This is also the first time I’ve seen these pictures. Whew, is it hot in here?
So I’ll let go of Footloose and get in line to see his new movie that’s due out here in the next few weeks… 17 forever, or 17 again, or something like that.
Great post, great comments, great pictures. Very entertaining. I still want him to do Footloose, though., just for sentimental reasons. That was my favorite soundtrack when I was very young… probably the first album I owned. I was too young to understand the concept of a soundtrack and thought the band was called “Footloose” (I’d never seen the movie) but I was confused as to why the lead singer had a different voice in every song!
Aww, I’m really sorry I was the one to bring you the bad news. I have no sentimental feelings towards the original ‘Footloose’ at all (for some reason I haven’t seen it to this day), so Zac was my reason to follow this project in the first place. Also, while I’m in awe of Zac’s general hotness, I actually do think he can sometimes be too pretty for his own good. So yes, no matter if it really makes him look more masculine or not, please send in the shovels.
Since you mentioned Jesse McCartney, I have to admit that I’m sort of a (closeted) fan. Last year’s ‘Departure’ featured several great songs (‘Leavin’, ‘It’s Over’, ‘How Do You Sleep?’, ‘Told You So’, ‘Runnin’), but for some reason it didn’t resonate broadly.
(I wrote a little bit about it here: https://welcometoallofthat.wordpress.com/2008/05/28/with-new-video-jesse-mccartney-is-leavin-me-breathless/)
And, -not to shamelessly promote myself or anything :) – here’s what I wrote upon the release of the ’17 Again’ trailer last October: https://welcometoallofthat.wordpress.com/2008/10/24/move-over-matthew-perry-im-here-for-zac-efron/)
Finally, what you said about the ‘Footloose’ soundtrack really had me laughing. The first music cassette (why do I suddenly feel old?) I picked myself was ‘Very’ by Pet Shop Boys (looking back, that’s sounds weirdly gay). After that, I believe it was ‘So Far So Good’, a best-of-compilation by Bryan Adams, and Meat Loaf’s ‘Bat Out Of Hell 2’ (hehe, ‘I’d Do Anything For Love’, and all that). It probably was around 1994 or something. Not to run through my complete arsenal of sentimental anecdotes about early music experiences unprovoked, but I think my first CD was Aerosmith’s ‘Big Ones’, followed by ABBA’s ‘Gold’ and Bon Jovi’s ‘These Days’. I’m exactly proud of it, but I was only about ten years old, after all.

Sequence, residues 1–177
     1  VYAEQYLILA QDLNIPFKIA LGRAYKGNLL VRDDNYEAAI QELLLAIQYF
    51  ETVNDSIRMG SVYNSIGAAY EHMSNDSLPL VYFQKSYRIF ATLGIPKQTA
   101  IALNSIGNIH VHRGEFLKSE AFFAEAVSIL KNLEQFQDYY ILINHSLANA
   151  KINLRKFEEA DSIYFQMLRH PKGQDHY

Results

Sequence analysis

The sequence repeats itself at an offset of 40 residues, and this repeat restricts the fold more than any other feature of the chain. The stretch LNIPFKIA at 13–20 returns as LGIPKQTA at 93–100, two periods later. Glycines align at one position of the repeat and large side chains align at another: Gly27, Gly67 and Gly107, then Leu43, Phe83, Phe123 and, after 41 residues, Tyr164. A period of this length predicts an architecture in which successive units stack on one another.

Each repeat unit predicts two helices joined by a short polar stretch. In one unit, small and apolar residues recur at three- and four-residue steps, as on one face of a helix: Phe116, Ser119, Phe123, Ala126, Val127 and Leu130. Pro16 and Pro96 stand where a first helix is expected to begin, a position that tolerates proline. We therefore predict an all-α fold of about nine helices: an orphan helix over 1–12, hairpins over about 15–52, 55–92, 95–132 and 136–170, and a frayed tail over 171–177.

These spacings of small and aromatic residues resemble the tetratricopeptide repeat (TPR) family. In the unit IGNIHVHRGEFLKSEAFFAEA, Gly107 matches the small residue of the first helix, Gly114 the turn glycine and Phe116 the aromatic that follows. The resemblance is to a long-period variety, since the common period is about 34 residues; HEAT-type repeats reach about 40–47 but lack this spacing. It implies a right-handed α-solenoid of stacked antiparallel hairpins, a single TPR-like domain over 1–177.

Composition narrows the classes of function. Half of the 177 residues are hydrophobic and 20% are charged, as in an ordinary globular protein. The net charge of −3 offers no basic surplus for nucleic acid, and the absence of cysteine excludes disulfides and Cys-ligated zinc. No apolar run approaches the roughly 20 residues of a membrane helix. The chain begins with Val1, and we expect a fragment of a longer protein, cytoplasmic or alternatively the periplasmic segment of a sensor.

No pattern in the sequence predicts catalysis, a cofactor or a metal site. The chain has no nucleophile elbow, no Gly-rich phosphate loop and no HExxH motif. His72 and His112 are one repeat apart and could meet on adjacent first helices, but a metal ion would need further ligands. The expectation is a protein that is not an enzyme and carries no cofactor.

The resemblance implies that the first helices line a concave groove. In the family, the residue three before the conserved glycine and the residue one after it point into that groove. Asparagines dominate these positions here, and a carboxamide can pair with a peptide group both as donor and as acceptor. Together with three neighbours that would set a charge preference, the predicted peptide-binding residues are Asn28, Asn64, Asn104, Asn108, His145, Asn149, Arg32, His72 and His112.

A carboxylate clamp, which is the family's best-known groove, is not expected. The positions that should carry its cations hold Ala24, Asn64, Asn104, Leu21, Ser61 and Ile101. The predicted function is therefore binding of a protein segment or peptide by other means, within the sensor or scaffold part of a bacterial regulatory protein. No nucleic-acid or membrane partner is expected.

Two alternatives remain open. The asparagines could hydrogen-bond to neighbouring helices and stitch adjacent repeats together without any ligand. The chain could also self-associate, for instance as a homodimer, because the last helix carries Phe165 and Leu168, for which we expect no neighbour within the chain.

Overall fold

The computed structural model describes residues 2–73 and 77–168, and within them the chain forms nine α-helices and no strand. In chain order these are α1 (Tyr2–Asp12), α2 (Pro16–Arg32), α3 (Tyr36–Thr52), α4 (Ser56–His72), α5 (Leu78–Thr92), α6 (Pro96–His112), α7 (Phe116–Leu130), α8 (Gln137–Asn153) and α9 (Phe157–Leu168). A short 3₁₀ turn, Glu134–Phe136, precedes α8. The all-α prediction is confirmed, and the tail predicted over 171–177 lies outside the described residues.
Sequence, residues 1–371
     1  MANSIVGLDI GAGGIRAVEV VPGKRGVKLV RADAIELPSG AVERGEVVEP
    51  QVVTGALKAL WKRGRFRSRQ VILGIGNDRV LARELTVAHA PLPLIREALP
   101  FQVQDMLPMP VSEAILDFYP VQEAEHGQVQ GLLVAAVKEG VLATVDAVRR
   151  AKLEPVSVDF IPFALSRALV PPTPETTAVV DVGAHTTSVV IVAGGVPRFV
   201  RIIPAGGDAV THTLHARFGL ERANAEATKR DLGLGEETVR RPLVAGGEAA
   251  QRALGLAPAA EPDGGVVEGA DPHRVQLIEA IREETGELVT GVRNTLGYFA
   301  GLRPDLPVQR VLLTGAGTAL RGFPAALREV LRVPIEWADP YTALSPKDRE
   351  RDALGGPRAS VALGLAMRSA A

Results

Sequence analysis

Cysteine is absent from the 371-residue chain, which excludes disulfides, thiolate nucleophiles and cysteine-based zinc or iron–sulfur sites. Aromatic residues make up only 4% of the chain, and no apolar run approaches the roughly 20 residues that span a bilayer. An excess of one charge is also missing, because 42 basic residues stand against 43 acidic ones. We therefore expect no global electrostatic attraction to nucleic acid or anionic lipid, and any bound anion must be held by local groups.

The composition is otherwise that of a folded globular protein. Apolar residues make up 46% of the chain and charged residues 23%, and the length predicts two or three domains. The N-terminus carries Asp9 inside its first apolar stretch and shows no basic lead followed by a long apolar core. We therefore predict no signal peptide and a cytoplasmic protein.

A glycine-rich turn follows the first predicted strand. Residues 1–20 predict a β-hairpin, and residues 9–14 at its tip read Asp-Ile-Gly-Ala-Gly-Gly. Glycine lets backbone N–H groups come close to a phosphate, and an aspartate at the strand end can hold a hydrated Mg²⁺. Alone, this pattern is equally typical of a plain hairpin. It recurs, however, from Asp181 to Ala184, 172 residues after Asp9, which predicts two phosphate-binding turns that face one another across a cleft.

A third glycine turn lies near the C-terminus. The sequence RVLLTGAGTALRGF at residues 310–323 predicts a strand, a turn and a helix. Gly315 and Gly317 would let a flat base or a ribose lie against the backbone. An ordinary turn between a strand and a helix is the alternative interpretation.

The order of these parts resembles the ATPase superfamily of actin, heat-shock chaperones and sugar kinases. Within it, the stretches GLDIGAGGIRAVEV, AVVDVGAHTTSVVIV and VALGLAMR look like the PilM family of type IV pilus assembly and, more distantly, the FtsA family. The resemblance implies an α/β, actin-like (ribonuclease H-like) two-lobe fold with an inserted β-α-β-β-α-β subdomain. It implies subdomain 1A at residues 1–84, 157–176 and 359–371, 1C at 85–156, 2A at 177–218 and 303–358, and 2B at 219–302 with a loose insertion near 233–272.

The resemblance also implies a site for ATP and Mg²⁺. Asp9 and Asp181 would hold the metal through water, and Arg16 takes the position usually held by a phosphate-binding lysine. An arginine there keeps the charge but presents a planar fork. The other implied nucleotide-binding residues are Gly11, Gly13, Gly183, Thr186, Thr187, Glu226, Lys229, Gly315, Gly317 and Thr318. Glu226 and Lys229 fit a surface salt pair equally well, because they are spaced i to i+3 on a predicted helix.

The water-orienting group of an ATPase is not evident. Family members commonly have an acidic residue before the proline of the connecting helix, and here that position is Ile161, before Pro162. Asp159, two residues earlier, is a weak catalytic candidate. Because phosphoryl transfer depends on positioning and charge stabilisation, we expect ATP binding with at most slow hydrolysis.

Thanks for sharing, Bryan.
He’s so gross. That is all.
(You know how I feel about this dude. hehehe.)
He soo is not, hehe.
(Etc., etc :)
Oh man…. there we go again in our similarities. “So Far So Good” “Big Ones” and “Bat II” were very meaningful to me as well… and so was “These Days” – no one else knows that one, really! I loved “These Days” because I thought I was the only one that caught that the actually words “these days” were in many of the songs on the album and my 14 year old self (or 15?) thought that was very cool.
I have to warn you, you just opened a deep ire of nostalgia here. As far as I can remember, I bought the Bryan Adams compilation mainly because of (the still quite decent) ‘Please Forgive Me’, but I also think my mother had an old tape with his (mediocre) ‘Reckless’ album lying around. ‘Big Ones’ today mainly reminds me of ‘Cryin’, ‘Amazing’ and ‘Crazy’, singles off the ‘Get A Grip’ album, whose music videos sort of made Alicia Silverstone. Like Meat Loaf, Aerosmith today can only be appreciated for their obvious excesses (the whole idea of Steven Tyler, his extremely characteristic vocals etc.).
I loved ‘These Days’ too. The song itself was actually kinda good, and at least quoteable in its plain-spoken existentialism (‘No one wants to be themselves these days/still there’s nothing to hold on to but these days’), but I guess I bought it for the lead single, ‘This Ain’t A Love Song’ (with its somewhat cringe-worthy chorus: ‘If the love that I’ve got for you is gone/If the river I cry ain’t that long/Then I’m wrong, yeah, I’m wrong/This ain’t a love song’).
My personal nominee for crappiest pop lyric of modern times, though, still has to be ‘I wish the stars up in the sky would all just call in sick/and the clouds would take the moon out on some one-way trip’, from ‘(It’s Hard) Letting You Go’. That was bad, even then.
Thanks for basking in yesterday’s glory with me, anyway.